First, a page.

Angie: So Canada is one of our biggest market, probably because they're our next-door neighbors. And there's lots of postal lockers and things scattered up along the border between the United States and Canada, where Canadian customers can use US shipping and ship it for free. Australia is an interesting target because they have really generous tax and duty limits and so we see a lot of volume for Australia as well.

Kunle: Interesting, okay, given the distance of Australia from the US. Okay, let's talk about retention. How often do your existing customers come to buy prescription or sunglasses from your brand? I guess my question really is do you have a high customer retention rate? And are you tracking the frequency of purchase from your existing customers?

Randy: Yeah, retention is something that we pay close attention to as a team. And we enjoy what we consider a high repeat purchase rate on readers and our repeat purchase rate on sunglasses is isn't nearly as high and that's something that we're working hard to improve to better understand how we can be top of mind when the customers purchase that second or third pair of sunglasses.

Angie: And for prescription eyewear the purchase cycle is about two years, which seems excruciatingly long since we've only been in business a year. And so we're excited to see what our rate is once we hit that two-year mark. But we've already enjoyed some repeat purchases and we're kind of pleasantly surprised by that.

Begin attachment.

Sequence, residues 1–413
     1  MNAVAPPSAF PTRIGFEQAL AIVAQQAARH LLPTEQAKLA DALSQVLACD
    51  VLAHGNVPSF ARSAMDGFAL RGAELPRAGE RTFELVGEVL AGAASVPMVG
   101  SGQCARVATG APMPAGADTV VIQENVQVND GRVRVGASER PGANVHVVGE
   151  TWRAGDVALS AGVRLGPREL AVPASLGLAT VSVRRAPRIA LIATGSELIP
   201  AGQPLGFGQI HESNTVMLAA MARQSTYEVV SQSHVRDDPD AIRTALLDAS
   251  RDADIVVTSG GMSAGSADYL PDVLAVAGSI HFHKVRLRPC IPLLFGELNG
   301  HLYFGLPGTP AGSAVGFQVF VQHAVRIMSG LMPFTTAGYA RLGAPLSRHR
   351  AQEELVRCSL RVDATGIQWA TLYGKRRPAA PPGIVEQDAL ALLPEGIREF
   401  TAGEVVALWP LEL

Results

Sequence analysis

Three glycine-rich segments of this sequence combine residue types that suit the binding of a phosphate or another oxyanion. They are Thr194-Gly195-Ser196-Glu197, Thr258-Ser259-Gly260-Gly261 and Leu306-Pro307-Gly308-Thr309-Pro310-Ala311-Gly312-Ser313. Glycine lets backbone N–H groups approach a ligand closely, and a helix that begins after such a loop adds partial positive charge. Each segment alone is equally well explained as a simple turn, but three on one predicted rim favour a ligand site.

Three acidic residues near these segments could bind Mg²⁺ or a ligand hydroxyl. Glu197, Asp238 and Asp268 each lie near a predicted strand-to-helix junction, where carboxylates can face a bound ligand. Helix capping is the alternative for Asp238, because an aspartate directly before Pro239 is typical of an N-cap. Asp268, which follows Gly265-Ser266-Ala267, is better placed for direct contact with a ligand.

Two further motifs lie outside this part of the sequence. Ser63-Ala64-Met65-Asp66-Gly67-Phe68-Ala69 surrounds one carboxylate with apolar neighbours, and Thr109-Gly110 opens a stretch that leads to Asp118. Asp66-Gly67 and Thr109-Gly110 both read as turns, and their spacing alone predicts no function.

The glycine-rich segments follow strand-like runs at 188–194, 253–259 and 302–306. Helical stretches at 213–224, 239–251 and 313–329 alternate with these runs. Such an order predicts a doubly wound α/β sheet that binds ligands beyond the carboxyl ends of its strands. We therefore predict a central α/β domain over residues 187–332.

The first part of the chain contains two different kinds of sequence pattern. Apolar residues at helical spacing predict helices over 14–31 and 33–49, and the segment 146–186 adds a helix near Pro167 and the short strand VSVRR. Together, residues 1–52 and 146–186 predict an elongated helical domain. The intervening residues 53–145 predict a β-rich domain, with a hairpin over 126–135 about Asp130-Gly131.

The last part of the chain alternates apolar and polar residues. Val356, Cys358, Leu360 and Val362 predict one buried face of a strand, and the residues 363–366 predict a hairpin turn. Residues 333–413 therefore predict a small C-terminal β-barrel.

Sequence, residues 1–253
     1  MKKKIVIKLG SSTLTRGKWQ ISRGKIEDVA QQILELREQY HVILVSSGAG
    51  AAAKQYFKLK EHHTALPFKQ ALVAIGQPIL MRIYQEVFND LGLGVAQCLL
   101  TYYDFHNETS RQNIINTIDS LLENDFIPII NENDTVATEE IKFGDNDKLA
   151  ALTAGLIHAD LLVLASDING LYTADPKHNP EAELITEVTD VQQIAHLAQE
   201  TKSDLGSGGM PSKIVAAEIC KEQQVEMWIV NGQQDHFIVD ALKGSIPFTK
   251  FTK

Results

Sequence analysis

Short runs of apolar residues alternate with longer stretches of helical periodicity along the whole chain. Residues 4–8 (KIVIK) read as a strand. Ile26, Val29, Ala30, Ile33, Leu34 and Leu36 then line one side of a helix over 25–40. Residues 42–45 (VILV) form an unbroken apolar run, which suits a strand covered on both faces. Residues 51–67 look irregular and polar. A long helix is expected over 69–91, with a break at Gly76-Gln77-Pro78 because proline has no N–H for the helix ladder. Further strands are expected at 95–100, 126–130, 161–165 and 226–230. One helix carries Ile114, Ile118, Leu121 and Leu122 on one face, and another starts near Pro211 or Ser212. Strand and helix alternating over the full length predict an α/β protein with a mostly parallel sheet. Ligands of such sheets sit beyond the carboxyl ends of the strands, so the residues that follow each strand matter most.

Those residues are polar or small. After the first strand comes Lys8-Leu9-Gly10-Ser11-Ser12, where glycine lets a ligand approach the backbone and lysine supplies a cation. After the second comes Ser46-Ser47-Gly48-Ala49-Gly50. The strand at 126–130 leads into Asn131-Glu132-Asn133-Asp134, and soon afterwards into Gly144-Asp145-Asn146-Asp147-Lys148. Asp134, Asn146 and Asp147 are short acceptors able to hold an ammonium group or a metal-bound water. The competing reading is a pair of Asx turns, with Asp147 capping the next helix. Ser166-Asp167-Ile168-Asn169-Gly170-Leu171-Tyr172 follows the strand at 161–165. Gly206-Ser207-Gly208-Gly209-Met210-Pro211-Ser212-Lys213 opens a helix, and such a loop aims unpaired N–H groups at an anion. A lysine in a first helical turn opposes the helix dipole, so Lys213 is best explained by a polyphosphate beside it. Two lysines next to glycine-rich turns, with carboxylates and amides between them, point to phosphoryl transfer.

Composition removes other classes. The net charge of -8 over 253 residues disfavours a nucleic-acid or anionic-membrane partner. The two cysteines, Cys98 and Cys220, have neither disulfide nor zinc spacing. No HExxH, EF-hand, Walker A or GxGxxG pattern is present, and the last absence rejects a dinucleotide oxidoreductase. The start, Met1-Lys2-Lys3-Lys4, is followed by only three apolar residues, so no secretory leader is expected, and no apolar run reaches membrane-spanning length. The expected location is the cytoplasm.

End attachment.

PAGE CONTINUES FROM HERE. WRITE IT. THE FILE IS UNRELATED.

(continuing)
Kunle: That's quite interesting. Do you do in anything to kind of 'remind your customers' that, say their prescriptions are going to... they need to retest, you know, just giving them nudges so to speak via perhaps like email automation to get you top of mind again. So when they are due to change it, they get an email. Is there any automation going on to help out your retention efforts?

Randy: Yeah, great question. So over the past year we've talked a lot about 1-to-1 marketing and really driving toward a personalized communication strategy on the email side of the business. So we've built out a number of custom automations for our customers and we were leveraging data to make a lot of those recommendations. So we moved from Bronto, which was our ESP for the past four years or so, to ExactTarget or now it's Salesforce Marketing Cloud at the beginning of the year so we have more resources and functionality at our disposal to get a little more personalized and granular with our email communication.

Kunle: So I guess each customer sits as a contact in your CRM in ExactTarget. If that's the case then you probably have an order history for every one of your customers, is that kind of like the picture there, or?

Randy: Correct.